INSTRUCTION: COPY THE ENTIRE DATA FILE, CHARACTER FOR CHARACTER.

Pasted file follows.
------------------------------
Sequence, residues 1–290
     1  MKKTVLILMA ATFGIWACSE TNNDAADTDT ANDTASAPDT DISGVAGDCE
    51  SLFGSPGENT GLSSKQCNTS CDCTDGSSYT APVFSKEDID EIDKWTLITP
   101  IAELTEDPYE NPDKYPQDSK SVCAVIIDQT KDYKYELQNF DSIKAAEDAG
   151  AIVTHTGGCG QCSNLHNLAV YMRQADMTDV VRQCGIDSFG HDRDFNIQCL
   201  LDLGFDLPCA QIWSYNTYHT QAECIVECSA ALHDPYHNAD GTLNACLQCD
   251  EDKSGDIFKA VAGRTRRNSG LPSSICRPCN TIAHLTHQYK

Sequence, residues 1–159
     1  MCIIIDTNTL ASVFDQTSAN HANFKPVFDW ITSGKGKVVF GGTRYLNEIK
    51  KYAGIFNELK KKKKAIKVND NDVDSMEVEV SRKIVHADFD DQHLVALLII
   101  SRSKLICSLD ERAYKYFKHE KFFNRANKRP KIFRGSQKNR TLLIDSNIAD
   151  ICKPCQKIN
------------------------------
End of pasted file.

Sequence, residues 1–290
     1  MKKTVLILMA ATFGIWACSE TNNDAADTDT ANDTASAPDT DISGVAGDCE
    51  SLFGSPGENT GLSSKQCNTS CDCTDGSSYT APVFSKEDID EIDKWTLITP
   101  IAELTEDPYE NPDKYPQDSK SVCAVIIDQT KDYKYELQNF DSIKAAEDAG
   151  AIVTHTGGCG QCSNLHNLAV YMRQADMTDV VRQCGIDSFG HDRDFNIQCL
   201  LDLGFDLPCA QIWSYNTYHT QAECIVECSA ALHDPYHNAD GTLNACLQCD
   251  EDKSGDIFKA VAGRTRRNSG LPSSICRPCN TIAHLTHQYK

Sequence, residues 1–159
     1  MCIIIDTNTL ASVFDQTSAN HANFKPVFDW ITSGKGKVVF GGTRYLNEIK
    51  KYAGIFNELK KKKKAIKVND NDVDSMEVEV SRKIVHADFD DQHLVALLII
   101  SRSKLICSLD ERAYKYFKHE KFFNRANKRP KIFRGSQKNR TLLIDSNIAD
   151  ICKPCQKIN